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Characterizing Cloud Computing Hardware Reliability

Kashi Venkatesh Vishwanath and Nachiappan Nagappan

Abstract

Modern day datacenters host hundreds of thousands of servers that coordinate tasks in order to deliver highly available cloud computing services. These servers consist of multiple hard disks, memory modules, network cards, processors etc., each of which while carefully engineered are capable of failing. While the probability of seeing any such failure in the lifetime (typically 3-5 years in industry) of a server can be somewhat small, these numbers get magnified across all devices hosted in a datacenter. At such a large scale, hardware component failure is the norm rather than an exception.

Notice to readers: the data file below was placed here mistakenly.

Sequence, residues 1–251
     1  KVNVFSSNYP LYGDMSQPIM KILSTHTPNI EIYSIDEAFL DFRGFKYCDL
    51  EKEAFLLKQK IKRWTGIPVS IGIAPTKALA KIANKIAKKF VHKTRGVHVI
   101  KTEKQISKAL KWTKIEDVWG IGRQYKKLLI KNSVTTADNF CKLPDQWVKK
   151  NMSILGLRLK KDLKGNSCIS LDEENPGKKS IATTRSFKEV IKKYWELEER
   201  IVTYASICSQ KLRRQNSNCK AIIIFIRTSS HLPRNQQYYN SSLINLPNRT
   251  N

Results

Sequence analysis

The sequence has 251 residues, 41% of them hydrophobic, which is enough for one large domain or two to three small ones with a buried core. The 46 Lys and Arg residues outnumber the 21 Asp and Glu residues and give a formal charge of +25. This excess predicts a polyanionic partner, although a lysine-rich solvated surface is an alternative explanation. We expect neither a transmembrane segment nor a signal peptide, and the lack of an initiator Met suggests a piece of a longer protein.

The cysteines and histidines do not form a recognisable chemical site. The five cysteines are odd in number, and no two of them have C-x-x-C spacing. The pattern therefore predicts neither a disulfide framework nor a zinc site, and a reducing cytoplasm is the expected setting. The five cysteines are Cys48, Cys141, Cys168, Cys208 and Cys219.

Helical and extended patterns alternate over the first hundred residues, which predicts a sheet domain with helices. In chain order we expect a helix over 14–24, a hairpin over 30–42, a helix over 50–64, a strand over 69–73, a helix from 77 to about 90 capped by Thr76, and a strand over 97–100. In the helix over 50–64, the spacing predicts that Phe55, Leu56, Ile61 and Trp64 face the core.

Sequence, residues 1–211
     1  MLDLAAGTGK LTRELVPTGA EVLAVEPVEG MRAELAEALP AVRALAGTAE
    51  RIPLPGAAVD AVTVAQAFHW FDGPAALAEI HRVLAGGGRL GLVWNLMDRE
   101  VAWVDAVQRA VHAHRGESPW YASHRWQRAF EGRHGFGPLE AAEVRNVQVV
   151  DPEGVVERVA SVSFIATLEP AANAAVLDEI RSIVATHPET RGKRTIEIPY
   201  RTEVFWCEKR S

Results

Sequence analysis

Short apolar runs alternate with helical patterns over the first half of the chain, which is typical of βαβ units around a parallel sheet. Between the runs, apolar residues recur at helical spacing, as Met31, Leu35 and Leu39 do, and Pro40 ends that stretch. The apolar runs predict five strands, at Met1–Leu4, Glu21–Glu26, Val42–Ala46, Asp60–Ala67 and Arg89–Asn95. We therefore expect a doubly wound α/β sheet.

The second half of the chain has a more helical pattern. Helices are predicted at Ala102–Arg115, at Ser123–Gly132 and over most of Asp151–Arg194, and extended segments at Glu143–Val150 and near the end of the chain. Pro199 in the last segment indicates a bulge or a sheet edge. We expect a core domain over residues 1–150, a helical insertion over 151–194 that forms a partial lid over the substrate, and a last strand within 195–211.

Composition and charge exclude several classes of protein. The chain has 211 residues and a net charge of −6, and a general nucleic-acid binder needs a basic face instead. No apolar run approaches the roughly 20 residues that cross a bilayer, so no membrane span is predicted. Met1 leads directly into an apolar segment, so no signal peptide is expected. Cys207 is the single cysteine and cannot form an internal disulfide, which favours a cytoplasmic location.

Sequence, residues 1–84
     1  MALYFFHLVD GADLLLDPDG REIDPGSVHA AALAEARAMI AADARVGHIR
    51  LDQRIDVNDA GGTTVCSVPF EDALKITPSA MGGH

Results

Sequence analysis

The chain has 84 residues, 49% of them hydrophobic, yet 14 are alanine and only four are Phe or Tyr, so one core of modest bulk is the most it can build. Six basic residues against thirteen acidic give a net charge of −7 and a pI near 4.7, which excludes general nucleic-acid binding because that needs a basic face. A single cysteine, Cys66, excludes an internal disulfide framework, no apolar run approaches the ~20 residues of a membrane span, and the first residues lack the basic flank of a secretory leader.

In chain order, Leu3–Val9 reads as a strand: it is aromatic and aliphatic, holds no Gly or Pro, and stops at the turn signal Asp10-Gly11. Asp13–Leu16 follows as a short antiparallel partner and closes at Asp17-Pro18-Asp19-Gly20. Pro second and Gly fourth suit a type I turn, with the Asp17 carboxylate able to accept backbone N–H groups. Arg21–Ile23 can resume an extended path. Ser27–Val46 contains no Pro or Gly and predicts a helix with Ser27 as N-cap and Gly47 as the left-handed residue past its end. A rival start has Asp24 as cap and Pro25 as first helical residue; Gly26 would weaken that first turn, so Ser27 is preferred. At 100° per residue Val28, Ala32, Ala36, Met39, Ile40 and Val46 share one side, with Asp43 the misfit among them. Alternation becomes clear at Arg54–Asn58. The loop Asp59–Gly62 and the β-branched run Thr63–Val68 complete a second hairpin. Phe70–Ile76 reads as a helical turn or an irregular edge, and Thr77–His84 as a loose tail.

Hardware failure can lead to a degradation in performance to end-users and can result in losses to the business. A sound understanding of the numbers as well as the causes behind these failures helps improve operational experience by not only allowing us to be better equipped to tolerate failures but also to bring down the hardware cost through engineering, directly leading to a saving for the company. To the best of our knowledge, this paper is the first attempt to study server failures and hardware repairs for large datacenters. We present a detailed analysis of failure characteristics as well as a preliminary analysis on failure predictors. We hope that the results presented in this paper will serve as motivation to foster further research in this area.

Details

Publication typeInproceedings
Published inSymposium on Cloud Computing
PublisherIEEE
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